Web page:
This YA Fantasy Series About A World Where Books Don't Exist Is FASCINATING
Traci Chee's epic YA fantasy trilogy — which began with The Reader and continued with The Speaker — will come to an end on Nov. 13, 2018 with the release of The Storyteller. To recap: the series follows Sefia, who was forced to live life on the run after her father was brutally murdered. She and her aunt Nin managed to survive in the wilderness together, forever looking over their shoulders for new threats. But when Nin was kidnapped, Sefia was suddenly on her own. Her only clue was a strange rectangular object that once belonged to her father left behind — something she comes to realize is a book. And what that book reveals changed Sefia's life forever.
Now after two books' worth of revelations, battles, nightmares and romance, Sefia is determined to rid herself and the boy she loves from the clutches of the evil Guard and escape The Book's prophecy. But none of that will be easy. After all, what is written always comes to pass. As Sefia and Archer watch the world of Kelanna start to crumble to the Guard's will, they will have to choose between preserving their love and joining a war that just might tear them apart.
Now, November might seem like a long time to wait, but you're in luck. Because Bustle has the cover reveal and an exclusive excerpt from the book to tide you over until then! First up, the stunning cover.
OK, you can gawk over its beauty for a couple more seconds. Are you good? Great. Because now it's time to really get excited. Keep reading belo for Chapter 1 of The Storyteller below, and get ready to be on the edge of your seat until the exciting conclusion hits shelves on Nov. 13.
Excerpt: Chapter 1: Fine as Gossamer, Hard as Iron
Sefia sat up in the shadows of the sick bay, startled out of some half-remembered dream.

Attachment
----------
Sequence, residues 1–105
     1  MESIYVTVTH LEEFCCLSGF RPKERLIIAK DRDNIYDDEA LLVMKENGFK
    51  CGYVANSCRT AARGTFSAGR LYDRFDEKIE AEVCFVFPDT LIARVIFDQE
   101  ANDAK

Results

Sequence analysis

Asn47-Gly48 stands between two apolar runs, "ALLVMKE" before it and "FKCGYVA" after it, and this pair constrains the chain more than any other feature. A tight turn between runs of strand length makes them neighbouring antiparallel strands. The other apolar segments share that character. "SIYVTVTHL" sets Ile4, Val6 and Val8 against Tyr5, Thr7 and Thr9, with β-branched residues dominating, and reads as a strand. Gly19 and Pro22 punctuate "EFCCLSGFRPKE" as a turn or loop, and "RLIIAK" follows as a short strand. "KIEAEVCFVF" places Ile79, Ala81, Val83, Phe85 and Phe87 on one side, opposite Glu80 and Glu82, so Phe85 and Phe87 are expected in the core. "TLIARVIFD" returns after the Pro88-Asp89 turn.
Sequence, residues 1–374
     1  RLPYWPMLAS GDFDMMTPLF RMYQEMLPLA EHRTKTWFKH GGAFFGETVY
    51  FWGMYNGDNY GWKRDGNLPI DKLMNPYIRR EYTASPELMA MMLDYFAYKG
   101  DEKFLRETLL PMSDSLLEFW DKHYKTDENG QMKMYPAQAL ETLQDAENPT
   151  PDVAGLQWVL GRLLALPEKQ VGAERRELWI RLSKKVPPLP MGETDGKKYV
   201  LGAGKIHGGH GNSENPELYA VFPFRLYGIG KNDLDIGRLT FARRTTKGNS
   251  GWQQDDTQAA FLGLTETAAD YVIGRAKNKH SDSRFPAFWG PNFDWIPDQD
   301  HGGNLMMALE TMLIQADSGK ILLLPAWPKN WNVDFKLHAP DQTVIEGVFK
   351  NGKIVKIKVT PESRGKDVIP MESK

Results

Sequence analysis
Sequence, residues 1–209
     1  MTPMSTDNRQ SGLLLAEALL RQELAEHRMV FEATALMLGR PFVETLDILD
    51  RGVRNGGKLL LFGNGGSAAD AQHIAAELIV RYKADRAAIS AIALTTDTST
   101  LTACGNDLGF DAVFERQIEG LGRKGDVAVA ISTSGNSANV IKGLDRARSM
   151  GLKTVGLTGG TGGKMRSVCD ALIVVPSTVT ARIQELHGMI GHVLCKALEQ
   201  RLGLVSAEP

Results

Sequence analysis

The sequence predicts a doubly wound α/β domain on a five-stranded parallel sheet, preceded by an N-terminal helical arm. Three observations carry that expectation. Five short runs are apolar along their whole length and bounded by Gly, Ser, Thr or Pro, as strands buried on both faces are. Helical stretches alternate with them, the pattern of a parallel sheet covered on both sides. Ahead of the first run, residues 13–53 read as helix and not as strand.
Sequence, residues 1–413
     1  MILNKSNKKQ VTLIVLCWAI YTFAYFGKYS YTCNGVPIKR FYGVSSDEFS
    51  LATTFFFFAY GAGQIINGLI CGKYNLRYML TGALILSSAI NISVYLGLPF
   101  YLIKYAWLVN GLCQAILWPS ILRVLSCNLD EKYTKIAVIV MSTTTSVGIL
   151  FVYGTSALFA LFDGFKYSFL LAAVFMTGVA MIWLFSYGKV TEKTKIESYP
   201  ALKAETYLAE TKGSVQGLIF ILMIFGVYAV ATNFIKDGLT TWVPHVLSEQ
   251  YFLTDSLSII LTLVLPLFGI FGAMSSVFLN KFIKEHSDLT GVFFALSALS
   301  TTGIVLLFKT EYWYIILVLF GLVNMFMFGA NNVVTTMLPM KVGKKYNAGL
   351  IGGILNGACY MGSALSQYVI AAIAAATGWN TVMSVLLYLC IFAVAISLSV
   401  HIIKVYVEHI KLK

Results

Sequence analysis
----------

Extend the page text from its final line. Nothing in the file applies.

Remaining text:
The ship rocked and plunged beneath her, making the jars of ointment and bottles of tonic rattle on their shelves. Outside, rain spattered the portholes, blurring her view of the waves, high as rolling hills.
A storm. They must have come upon it in the night.
Sefia shivered, hugging her knees to her chest. In the four days since she’d returned to the Current with Archer, she’d had the same dream again and again. She was back in the house on the hill, and ink was seeping — no, flooding — from the secret room in the basement where her parents had kept the Book, the dark waves reaching across the floor to grasp them by the ankles and crawl up their calves. In the dream, Lon and Mareah scooped her up. In the dream, they shoved her out the door. But they were always too slow to save themselves, always too slow to escape the growing pool of ink that drew them, screaming, into its black depths.
Destiny. Her parents had been destined to die, their futures recorded in the Book with everything that had ever been or would ever be, from the flicker of a mayfly’s wings to the life spans of the stars overhead.
Somewhere in the Book was the passage where her mother got sick.
Somewhere were the paragraphs that described her father being tortured.
It had been written, so it had come to pass.
"Destiny. Her parents had been destined to die, their futures recorded in the Book with everything that had ever been or would ever be, from the flicker of a mayfly’s wings to the life spans of the stars overhead."